By Fred Swegles
If you ever set out to explore historic Route 66 through the southwestern United States, make sure to cruise into San Clemente, New Mexico.
The rural enclave holds a far broader history than our own San Clemente.
Our California beach town dates back to visionary developer Ole Hanson in 1925. San Clemente, N.M., goes back to a Spanish land grant in 1716.
I went looking for San Clemente, N.M., after seeing a photo on Facebook of a San Clementean standing beside a rural roadside “San Clemente” sign.
After studying background details in the photo, I located the San Clemente sign on Google Maps. I then drove a rental car there, south from Albuquerque through the Rio Grande Valley.
Meet San Clemente, New Mexico, along Highway 6, which once was a segment of Historic U.S. Route 66. Photo: Fred Swegles
A roadside sign in Los Lunas, New Mexico, recognizes the street as part of the pre-1937 U.S. Route 66 as a more modern mode of transport, a commuter train, passes. Photo: Fred Swegles
The Rio Grande River, which runs through Los Lunas, N.M., was the eastern boundary of the historic San Clemente land grant of 1716. Photo: Fred Swegles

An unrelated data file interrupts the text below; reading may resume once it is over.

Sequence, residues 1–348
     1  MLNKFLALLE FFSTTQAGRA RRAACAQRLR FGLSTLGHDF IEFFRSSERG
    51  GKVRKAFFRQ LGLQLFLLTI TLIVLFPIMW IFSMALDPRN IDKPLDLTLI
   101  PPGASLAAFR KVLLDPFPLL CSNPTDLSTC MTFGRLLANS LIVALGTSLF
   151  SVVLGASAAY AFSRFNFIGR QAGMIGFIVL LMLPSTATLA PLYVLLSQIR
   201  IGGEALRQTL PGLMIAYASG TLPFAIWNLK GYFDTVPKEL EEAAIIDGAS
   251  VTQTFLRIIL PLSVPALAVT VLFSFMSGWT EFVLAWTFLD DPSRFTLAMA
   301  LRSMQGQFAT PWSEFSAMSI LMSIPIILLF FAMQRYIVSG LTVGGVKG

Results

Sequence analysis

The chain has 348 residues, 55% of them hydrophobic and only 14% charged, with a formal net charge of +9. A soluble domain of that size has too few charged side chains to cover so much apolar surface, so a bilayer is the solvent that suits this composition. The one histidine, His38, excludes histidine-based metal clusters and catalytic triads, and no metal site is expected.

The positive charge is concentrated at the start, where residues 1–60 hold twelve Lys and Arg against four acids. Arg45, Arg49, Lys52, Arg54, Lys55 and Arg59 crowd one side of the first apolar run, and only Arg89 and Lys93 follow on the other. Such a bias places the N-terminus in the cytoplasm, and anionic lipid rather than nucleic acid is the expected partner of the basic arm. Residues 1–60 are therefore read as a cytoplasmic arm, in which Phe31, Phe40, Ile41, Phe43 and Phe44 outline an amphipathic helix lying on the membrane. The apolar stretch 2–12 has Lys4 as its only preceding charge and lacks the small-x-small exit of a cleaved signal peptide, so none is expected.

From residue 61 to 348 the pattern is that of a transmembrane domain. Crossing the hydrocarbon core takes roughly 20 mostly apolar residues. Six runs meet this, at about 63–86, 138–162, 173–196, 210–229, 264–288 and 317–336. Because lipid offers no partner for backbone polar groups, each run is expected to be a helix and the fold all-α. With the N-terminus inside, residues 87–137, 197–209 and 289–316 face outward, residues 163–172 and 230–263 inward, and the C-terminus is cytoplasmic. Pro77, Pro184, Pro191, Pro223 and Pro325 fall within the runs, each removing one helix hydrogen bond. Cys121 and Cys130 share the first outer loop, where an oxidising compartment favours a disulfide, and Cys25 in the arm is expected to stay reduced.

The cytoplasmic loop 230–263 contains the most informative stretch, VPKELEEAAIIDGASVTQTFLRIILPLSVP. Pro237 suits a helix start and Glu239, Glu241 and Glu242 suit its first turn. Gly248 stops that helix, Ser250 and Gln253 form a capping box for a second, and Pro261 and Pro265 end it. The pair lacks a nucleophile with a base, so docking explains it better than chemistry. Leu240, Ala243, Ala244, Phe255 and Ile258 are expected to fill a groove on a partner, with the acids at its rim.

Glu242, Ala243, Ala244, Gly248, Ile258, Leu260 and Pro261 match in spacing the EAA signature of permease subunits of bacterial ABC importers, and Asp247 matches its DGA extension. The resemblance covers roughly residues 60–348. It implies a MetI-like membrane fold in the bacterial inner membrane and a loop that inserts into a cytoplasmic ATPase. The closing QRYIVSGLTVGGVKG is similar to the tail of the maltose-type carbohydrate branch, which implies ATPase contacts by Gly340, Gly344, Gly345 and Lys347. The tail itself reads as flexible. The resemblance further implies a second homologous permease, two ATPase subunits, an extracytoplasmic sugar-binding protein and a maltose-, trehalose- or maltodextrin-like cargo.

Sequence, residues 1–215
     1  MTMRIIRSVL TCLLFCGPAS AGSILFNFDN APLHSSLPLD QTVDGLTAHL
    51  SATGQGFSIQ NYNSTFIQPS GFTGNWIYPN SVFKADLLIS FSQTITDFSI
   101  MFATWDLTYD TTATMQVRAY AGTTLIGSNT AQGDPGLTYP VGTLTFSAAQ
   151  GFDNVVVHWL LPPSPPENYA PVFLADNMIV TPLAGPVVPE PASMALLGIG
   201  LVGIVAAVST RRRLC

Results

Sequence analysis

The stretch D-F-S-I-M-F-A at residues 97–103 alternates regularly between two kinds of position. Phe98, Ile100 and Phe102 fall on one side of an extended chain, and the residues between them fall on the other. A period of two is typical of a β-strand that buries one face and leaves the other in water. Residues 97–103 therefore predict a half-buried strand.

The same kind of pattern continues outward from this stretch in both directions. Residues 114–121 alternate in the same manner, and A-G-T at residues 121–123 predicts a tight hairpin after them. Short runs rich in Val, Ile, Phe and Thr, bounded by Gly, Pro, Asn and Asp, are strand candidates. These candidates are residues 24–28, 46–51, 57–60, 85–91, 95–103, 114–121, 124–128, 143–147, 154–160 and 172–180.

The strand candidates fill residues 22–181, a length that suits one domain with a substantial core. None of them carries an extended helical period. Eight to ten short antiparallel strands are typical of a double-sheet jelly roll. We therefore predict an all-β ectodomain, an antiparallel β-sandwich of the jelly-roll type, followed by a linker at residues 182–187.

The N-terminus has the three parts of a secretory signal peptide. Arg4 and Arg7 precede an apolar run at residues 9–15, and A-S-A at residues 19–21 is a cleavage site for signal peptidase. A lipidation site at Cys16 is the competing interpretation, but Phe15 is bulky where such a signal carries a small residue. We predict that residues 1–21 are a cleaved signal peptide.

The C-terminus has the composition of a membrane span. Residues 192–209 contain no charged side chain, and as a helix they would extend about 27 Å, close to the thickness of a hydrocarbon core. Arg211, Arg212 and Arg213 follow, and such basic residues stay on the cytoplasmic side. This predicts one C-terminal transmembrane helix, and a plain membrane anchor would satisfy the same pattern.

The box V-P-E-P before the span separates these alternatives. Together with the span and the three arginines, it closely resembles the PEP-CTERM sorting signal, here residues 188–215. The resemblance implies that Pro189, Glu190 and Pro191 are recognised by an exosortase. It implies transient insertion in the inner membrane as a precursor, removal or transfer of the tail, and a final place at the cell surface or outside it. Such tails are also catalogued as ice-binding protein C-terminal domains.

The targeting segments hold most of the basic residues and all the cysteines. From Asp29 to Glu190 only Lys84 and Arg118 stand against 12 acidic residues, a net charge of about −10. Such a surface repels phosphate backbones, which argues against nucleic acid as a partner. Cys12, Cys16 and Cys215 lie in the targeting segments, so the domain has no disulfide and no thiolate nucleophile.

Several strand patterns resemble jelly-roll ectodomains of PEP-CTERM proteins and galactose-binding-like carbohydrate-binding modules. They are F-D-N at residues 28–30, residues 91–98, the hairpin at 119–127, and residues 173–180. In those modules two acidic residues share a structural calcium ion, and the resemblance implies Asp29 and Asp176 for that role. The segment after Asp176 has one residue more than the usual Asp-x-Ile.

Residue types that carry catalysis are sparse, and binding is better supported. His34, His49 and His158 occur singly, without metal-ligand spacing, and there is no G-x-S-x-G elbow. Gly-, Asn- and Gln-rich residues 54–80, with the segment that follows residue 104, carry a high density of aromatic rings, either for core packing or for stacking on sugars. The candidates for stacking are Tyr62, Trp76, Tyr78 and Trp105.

An anchor, symbolizing the Catholic martyr Saint Clement, is displayed outside San Clemente Catholic Church in Los Lunas, New Mexico. Photo: Fred Swegles
A statue of San Clemente, inside San Clemente Catholic Church in Los Lunas, New Mexico. Photo: Fred Swegles
Images of San Clemente inside San Clemente Catholic Church in Los Lunas, New Mexico. Photo: Fred Swegles
A highway marker notes the historic 1540 arrival of Spanish explorers in the region of indigenous communities that became New Mexico. Photo: Fred Swegles
The trail to the Mystery Stone on Hidden Mountain, New Mexico, is not easy to follow but occasional hints do appear. Photo: Fred Swegles
There has been vandalism, but people making pilgrimages to the Mystery Stone just outside the boundary of the 1716 San Clemente land grand have deciphered the message, reading each line backwards, as the Ten Commandments written in Paleo Hebrew. Photo: Fred Swegles